Optional bonus question: What do you think it means to be a “successful” writer?

A successful writer is a person who has written something and is proud of it. That is the cheesy, cliché answer, but in this case, I stand behind the cheesiness one-hundred percent! At one point in my life, I thought I would only be successful if I published a book that topped bestseller lists. Now, I’m really content knowing I write books that bring people a few hours of entertainment. They don’t know I wrote the book, and I don’t care. My goal was to be paid to write for a living, and I’ve made it! If I one day top bestseller lists, that would be amazing, don’t get me wrong. But I feel like a success right now. I hope the same feeling for any writer, whether they get paid for it or not.

July Authors Forward Interview with L.S. Case and Jeannie Moon

Welcome to our Authors Forward series, where our innovative and talented Books Forward authors interview other great, forward-thinking voices in the industry.

July Authors Forward interview with L.S. Case and Jeannie Moon

Jeannie Moon is a USA Today bestselling romance author known for her Compass Cove and Forever Love Stories series. Married to her high school sweetheart, Jeannie has three kids, three lovable dogs, and resides on Long Island, NY.

1. Your Forever Love Stories and Compass Cove series have engaged readers in beautiful romances. How do you make your novels stand out from others in the genre?  

One of the most important things I’ve done is to create compelling characters that readers can connect with and root for. Whether a billionaire or a librarian, my goal is always to create characters who are relatable, flawed and easy to connect with. My other strength is creating a strong setting that keeps readers engaged in the story. Even in the Forever Love Stories when the super-rich take center stage, there’s a grounded feeling to the places they live and work. (Okay, maybe the mega-yacht in the first Forever Love Story was over the top, but it was fun.)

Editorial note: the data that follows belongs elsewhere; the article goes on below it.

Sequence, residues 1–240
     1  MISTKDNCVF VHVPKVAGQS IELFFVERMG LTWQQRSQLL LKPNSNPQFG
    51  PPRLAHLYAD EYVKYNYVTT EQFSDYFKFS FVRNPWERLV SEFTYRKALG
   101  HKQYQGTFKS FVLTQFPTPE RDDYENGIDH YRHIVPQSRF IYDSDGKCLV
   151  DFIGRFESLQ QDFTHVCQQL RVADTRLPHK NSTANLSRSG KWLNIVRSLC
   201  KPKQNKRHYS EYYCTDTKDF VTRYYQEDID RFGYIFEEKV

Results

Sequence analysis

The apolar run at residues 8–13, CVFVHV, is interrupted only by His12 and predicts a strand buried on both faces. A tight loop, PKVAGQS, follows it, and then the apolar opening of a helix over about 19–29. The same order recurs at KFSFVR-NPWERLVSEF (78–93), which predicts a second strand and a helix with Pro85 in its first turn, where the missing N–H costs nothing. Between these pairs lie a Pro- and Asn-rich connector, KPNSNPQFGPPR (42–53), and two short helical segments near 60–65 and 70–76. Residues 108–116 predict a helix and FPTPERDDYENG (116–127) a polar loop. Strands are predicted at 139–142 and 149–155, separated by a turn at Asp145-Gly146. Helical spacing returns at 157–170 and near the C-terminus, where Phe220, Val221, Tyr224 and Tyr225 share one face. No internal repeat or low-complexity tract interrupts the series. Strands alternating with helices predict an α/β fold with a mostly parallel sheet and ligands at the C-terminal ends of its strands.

2. How has your approach to book promotion evolved since your debut novel? What’s your advice for young writers trying to build an author platform? 

In the beginning, I tried to do it all. Facebook, Instagram, Twitter… Don’t do that. It’s exhausting and a time suck. Find where your readers are, and use social media to connect with them on a personal level. Look for small reader events to attend, connect through local libraries. Last, I wish I’d paid more attention to my newsletter in the beginning. The popularity of social media platforms ebb and flow, but if you build your mailing list and send a message once a month, not just when you’re selling something, you’ll grow your fan base. 

3. What is the best investment you ever made in your writing? 

The best investment is the time I’ve spent with other writers as part of a local writing group or at small conferences and workshops. I learn from every class I take, but the time with other writers is priceless. Writing can be very isolating and building a community is the best thing I did for myself.